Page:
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Greece: Crippled ship with 400 migrants heads for safe port

ATHENS, Greece: A small cargo ship with about 400 migrants on board that suffered engine problems in the eastern Mediterranean Sea miles off the island of Crete is being towed to a safe anchorage in Greece, the Greek coast guard said Friday.
A coast guard statement said the Turkish-flagged freighter was located by a Greek search and rescue vessel east of Crete. Greek authorities had earlier been informed that the cargo ship was crippled and in need of assistance.
There was no indication that anybody on board was in ill health. The nationalities of the passengers and crew were unknown.
“Right now, the important thing is to get the ship to a safe anchorage,” an official with knowledge of the operation told The Associated Press. The official, who spoke on customary condition of anonymity, said later that the vessel remained east of Crete and by nightfall there had still been no decision on where it would be taken.
A photograph posted by the coast guard showed scores of people, apparently mostly men, standing in groups on the deck of a small, battered-looking freighter with what appeared to be the name “Vatha” painted on her bows.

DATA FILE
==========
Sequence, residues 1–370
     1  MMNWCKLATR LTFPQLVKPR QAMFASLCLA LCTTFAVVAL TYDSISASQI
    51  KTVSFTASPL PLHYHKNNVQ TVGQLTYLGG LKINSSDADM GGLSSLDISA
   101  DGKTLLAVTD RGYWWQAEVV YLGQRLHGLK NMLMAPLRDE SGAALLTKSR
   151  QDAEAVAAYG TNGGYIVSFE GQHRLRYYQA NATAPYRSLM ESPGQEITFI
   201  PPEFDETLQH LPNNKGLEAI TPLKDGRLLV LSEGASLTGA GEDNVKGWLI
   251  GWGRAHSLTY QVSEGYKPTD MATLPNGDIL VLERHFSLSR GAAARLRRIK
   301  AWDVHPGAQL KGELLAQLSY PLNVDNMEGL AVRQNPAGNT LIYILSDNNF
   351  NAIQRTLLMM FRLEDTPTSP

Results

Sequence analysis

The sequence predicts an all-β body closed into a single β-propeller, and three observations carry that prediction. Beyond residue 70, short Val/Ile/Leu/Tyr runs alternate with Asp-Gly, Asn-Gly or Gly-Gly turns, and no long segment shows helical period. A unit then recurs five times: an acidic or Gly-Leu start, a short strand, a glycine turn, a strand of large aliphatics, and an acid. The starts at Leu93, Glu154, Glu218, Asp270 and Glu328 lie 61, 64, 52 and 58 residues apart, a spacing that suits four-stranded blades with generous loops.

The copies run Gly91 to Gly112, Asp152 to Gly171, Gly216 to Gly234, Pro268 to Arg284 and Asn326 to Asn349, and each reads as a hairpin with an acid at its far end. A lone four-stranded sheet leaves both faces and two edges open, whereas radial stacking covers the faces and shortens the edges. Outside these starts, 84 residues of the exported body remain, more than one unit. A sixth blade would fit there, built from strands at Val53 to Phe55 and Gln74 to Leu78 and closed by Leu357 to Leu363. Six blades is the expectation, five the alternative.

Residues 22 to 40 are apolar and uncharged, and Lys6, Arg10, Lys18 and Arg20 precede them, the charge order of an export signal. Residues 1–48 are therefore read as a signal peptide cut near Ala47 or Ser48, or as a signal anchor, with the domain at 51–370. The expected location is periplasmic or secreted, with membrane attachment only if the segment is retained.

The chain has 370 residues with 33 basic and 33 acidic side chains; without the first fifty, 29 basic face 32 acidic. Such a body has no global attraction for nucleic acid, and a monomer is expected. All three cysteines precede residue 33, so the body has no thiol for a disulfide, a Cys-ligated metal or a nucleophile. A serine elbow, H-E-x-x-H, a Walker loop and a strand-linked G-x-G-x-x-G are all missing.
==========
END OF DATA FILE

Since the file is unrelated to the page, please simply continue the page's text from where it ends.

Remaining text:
The coast guard said the ship had set off from Turkey and had been heading for Italy, where smuggling rings frequently send migrants by sea — particularly after Greece toughened border policing and maritime patrols over the past 18 months.
Usually they use yachts, and a large vessel capable of carrying several hundred people would mark a shift in tactics by smugglers.
The coast guard said that because of the number of people on the ship it was “one of the biggest search and rescue operations carried out in the eastern Mediterranean.”
The last time a vessel carrying several hundred migrants was located in Greece was in late 2014, again off Crete. The 77-meter (250-foot) Baris cargo ship ran into trouble in international waters with nearly 600 people on board and was towed by a Greek naval frigate to the Cretan port of Ierapetra.
The passengers, mostly Syrians, told officials they had paid smugglers $2,000 to $6,000 for a passage from Turkey to Italy on the aging rust bucket.
A couple more cargo ships were also located around the same time heading for Italy. But the use of vessels that size eased soon afterwards, as by then smugglers were offering a cheaper and quicker — though by no means safer — way into the European Union.
Crammed into flimsy dinghies, almost a million people fleeing conflict and poverty in the Middle East, Asia and Africa crossed from the Turkish coast to the Greek islands, seeking to proceed through Greece to more prosperous EU countries.

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